Do you also want to be part of the adventure as a volunteer? We are always looking for motivated coaches. Please do not hesitate to contact us: bxl-yser@coderdojobelgium.be


#arduino #belgium #brussels #child #children #code #coderdojo #coderdojo-belgium #coderdojo belgium #coderdojobelgium #coding #computer-science #computer science #computerscience #css #css3 #development #electronic #electronic-circuit #electronic-equipment #electronic circuit #electronic equipment #electroniccircuit #electronicequipment #formation #godot #html #html5 #informatics #initiation #it-development #it development #itdevelopment #javascript #microbit #programming #python #robotics #scratch #technology #volunteer #web #webdevelopment #workshop #young #young-people #young-person #young people #young person #youngpeople #youngperson #younth #youthfulness
 
Bild/Foto
Bild/Foto

Free and fun ONLINE computer workshop for children and teenagers - Sunday, August 1, 2020 - CoderDojo Brussels Yser


Bild/Foto

This Sunday, August 1, 2020, we are organizing our monthly workshop. Due to lockdown, we cannot organize our activities in face-to-face meetings. Therefore, we have organized ourselves to hold online sessions. And you know what else? You don't need to live in Brussels to participate.

Do you also want to be part of the adventure as a volunteer? We are always looking for motivated coaches. Please do not hesitate to contact us: bxl-yser@coderdojobelgium.be


#arduino #belgium #brussels #child #children #code #coderdojo #coderdojo-belgium #coderdojo belgium #coderdojobelgium #coding #computer-science #computer science #computerscience #css #css3 #development #electronic #electronic-circuit #electronic-equipment #electronic circuit #electronic equipment #electroniccircuit #electronicequipment #formation #godot #html #html5 #informatics #initiation #it-development #it development #itdevelopment #javascript #microbit #programming #python #robotics #scratch #technology #volunteer #web #webdevelopment #workshop #young #young-people #young-person #young people #young person #youngpeople #youngperson #younth #youthfulness
 

qisit ist getting ready to it's first release/bald kann qisit released werden


#python #qt5 #pyqt5
mnowiasz/qisit
Qisit - a PyQT based recipe manager. Contribute to mnowiasz/qisit development by creating an account on GitHub.
Image/photo

Image/photo
 
[Blog]Spaß mit pymysql #Python #MariaDB (ein bißchen PEBKAC)
Spaß mit pymysql
 
Bild/Foto

Rackspace ending open source free hosting program, invocing for January 2020

Are you an open source maintainer? Have you used Rackspace's free hosting offer any time in the past 10 years? Rackspace has ended the program. People are getting invoices for Jan. Get off the servers and close your account or you will be charged full retail rate.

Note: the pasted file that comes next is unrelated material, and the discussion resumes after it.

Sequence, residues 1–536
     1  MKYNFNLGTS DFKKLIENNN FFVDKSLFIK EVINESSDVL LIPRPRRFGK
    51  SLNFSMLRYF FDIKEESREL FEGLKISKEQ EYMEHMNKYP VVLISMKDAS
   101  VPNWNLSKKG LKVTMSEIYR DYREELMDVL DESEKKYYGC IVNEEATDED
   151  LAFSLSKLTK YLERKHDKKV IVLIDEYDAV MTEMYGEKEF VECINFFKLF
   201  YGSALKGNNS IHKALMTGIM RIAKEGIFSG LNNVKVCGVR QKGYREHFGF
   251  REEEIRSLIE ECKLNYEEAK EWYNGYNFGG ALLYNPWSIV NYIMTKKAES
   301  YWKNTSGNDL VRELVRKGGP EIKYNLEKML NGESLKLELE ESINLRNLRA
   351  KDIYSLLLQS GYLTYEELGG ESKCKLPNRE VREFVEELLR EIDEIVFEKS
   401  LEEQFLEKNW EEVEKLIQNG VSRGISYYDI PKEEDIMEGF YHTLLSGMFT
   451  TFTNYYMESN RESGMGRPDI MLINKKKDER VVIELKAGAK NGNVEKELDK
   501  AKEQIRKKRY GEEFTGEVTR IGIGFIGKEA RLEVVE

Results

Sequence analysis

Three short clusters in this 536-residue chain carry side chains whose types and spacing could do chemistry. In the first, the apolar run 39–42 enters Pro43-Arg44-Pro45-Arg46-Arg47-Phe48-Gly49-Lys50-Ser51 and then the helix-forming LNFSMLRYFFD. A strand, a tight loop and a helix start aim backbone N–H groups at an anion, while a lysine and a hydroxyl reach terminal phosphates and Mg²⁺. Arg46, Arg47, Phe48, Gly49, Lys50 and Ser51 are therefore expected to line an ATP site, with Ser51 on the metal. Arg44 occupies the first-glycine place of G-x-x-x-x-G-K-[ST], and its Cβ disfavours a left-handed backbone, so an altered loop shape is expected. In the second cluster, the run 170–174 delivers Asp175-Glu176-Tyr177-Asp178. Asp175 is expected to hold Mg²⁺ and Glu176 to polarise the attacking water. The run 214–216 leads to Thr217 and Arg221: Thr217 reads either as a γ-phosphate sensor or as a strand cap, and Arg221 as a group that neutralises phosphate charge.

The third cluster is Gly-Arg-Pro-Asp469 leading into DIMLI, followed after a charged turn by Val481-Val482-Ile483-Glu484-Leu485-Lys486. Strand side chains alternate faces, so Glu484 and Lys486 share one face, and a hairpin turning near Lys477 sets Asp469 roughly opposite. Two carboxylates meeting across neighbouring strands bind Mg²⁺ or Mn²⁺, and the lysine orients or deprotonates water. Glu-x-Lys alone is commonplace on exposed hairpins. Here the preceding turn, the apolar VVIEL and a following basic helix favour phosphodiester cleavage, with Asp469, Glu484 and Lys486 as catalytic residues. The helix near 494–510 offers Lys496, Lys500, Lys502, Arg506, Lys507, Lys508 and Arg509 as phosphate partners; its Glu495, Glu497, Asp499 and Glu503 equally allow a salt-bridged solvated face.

-- Van Lindberg, General Counsel, Python Software Foundation. @ Twitter

Offers and alternatives are mentioned in thread.

Reshares / links appreciated.

https://twitter.com/VanL/status/1225928953350774785

#Rackspace #ProjectHosting #OpenSource #FreeSoftware #Python #VanLindberg #PythonSoftwareFoundation
 
Bild/Foto

Rackspace ending open source free hosting program, invocing for January 2020

Are you an open source maintainer? Have you used Rackspace's free hosting offer any time in the past 10 years? Rackspace has ended the program. People are getting invoices for Jan. Get off the servers and close your account or you will be charged full retail rate.
-- Van Lindberg, General Counsel, Python Software Foundation. @ Twitter

Offers and alternatives are mentioned in thread.

Reshares / links appreciated.

https://twitter.com/VanL/status/1225928953350774785

#Rackspace #ProjectHosting #OpenSource #FreeSoftware #Python #VanLindberg #PythonSoftwareFoundation
 
#Python Module Dependency Trees
 
 
Two malicious #Python libraries caught stealing SSH and GPG keys
 

Circuit Simulation in Python


#softwarehacks #analogcircuit #circuit #integration #ltspice #modeling #numpy #programming #python #simulation #spice #hackaday
posted by pod_feeder_v2
Circuit Simulation in Python
 

Circuit Simulation in Python


#softwarehacks #analogcircuit #circuit #integration #ltspice #modeling #numpy #programming #python #simulation #spice #hackaday
posted by pod_feeder_v2
Circuit Simulation in Python
 
[Blog]Python: (Fast) alles ist eine Liste #Python #mysql #NULL
Python: (Fast) alles ist eine Liste
 
TIL: #Python Wenn ich aus einer #mysql Tabelle nur einen Wert abfrage, kommt der nicht als Liste, sondern als Einzelwert. Ich kann ihn trotzdem mit wert [0]abfragen – außer er ist NULL (Python: None); dann fällt Python auf die Nase.